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George Clooney's McCarthy Movie
October 10, 2005

By James L. Hirsen, J.D., Ph.D.
contributor to

Just in time for Oscar season, George Clooney has come up with a film that follows the guidelines for attracting the critical acclaim necessary to garner Academy Award nominations.

Clooney has picked a drama-laden episode in history, specifically the 1950s anti-communist investigations of Senator Joseph McCarthy. He has also chosen to feature an engaging central character, the legendary journalist Edward R. Murrow.

"Good Night, and Good Luck" tells the story of Murrow's televised confrontation with McCarthy.

The film begins and ends with a Murrow speech to his peers that warns of the blending of news and entertainment.

When it comes to the news and entertainment fuse, Murrow is actually one of the pioneers of the showbiz trend with his celebrity interview show "Person to Person," which is deftly depicted in the movie.

Unlike many of today's media types, Murrow understood that individual bias could have an effect on the reporting of facts. In fact, in one instance while on the air, the CBS anchor said: "Everyone is a prisoner of his own experiences. No one can eliminate prejudices - just recognize them."

Murrow also said, "A great many people think they are thinking when they are really rearranging their prejudices."

Interestingly, Clooney's own biases seem to manifest themselves in what he chooses to leave out of his film.

Publicity materials for the movie contain the following slogan: "In A Nation Terrorized By Its Own Government, One Man Dared To Tell The Truth."

Actually those who are of a conservative mind recognize the need for restraint on government. They understand the potential for harm that resides in the unfettered state. And, of course, history demonstrates that during the "Red Scare" period there was good reason to be apprehensive about a lot of things, the investigative excesses of McCarthy being among them.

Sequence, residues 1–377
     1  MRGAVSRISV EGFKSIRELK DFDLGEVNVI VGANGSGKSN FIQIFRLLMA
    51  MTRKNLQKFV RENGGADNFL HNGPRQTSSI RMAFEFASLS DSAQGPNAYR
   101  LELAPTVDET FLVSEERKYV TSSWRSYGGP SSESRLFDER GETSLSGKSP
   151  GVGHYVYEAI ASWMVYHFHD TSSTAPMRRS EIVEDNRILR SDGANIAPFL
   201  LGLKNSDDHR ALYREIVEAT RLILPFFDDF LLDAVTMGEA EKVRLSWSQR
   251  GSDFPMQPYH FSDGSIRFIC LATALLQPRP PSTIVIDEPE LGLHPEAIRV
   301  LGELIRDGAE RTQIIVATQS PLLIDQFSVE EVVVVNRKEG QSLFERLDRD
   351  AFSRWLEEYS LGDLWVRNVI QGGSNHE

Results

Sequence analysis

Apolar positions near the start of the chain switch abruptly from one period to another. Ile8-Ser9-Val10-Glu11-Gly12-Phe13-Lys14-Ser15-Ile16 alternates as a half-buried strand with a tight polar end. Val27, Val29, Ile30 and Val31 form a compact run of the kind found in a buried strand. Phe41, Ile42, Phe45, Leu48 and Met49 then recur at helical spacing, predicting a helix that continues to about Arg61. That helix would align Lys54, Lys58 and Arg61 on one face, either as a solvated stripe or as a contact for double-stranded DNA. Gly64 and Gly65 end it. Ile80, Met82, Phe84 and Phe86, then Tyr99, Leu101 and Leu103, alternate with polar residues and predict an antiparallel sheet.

But the fear of Communist leaders and their agents at that time was literally indispensable to our nation's survival. And although some people unjustly lost work, there were despots who were busy engineering mass murder and who had in their evil intentions the destruction of the United States.

Maybe Clooney avoided factoids such as these because doing so would have jeopardized his Oscar chances. Hollywood is, to put it mildly, obsessed with the era and generally holds fast to a one-sided version.

But, in reality, there were front organizations affiliated with the Soviet Union and operating in the U.S. And the Venona documents, the Soviet cables that were intercepted by Army Signal Intelligence and the N.S.A., confirmed that communist operatives had infiltrated the highest levels of our government.

Setting aside Clooney's omissions, the film has artistic merit that deserves mention. Shot in black and white, it has an appealing stark quality. The crisp 1950s dialogue occurs in dimly lit, smoke-filled rooms. You can almost smell the scotch and cigarettes.

The musical soundtrack is understated, consisting of authentic jazz and featuring vocalist Dianne Reeves. The visuals cleverly toggle from fictional scenes to archival news footage.

David Strathairn plays Murrow. He won a best acting award at the Venice Film Festival and looks to be an Oscar contender. Clooney portrays Murrow's production partner, Fred Friendly.

Because Murrow and his fellow CBS journalists constantly smoked on and off the air, many of the scenes are filled with lit cigarettes and accompanying plumes. (Strathairn, a non-smoker himself, apparently used rolled pipe tobacco on the set because it was not as irritating to his throat and nose and looked great on film.)

In what looks like an effort to placate the anti-smoking lobby, the film includes a real ad for Kent cigarettes that links smoking with intelligence, which elicits an audience laugh. McCarthy appears exclusively in archival footage, which seems to have been carefully selected to show the senator at his worst.

To firmly establish him as the villain, the archival McCarthy responds to Murrow with a series of attacks, accusing Murrow of associating with communist organizations in the past.

Murrow then points out, in his rebuttal, the lack of any factual criticisms in the senator's statements.

The irony for Clooney is that the tactic of avoiding genuine dialogue by using ad hominem attacks, a ploy that his movie so powerfully demonstrates, is most often being used today by his friends on the Left.

Reproduced with the permission of . All rights reserved

Copyright © 2005
James L. Hirsen, J.D., Ph.D.

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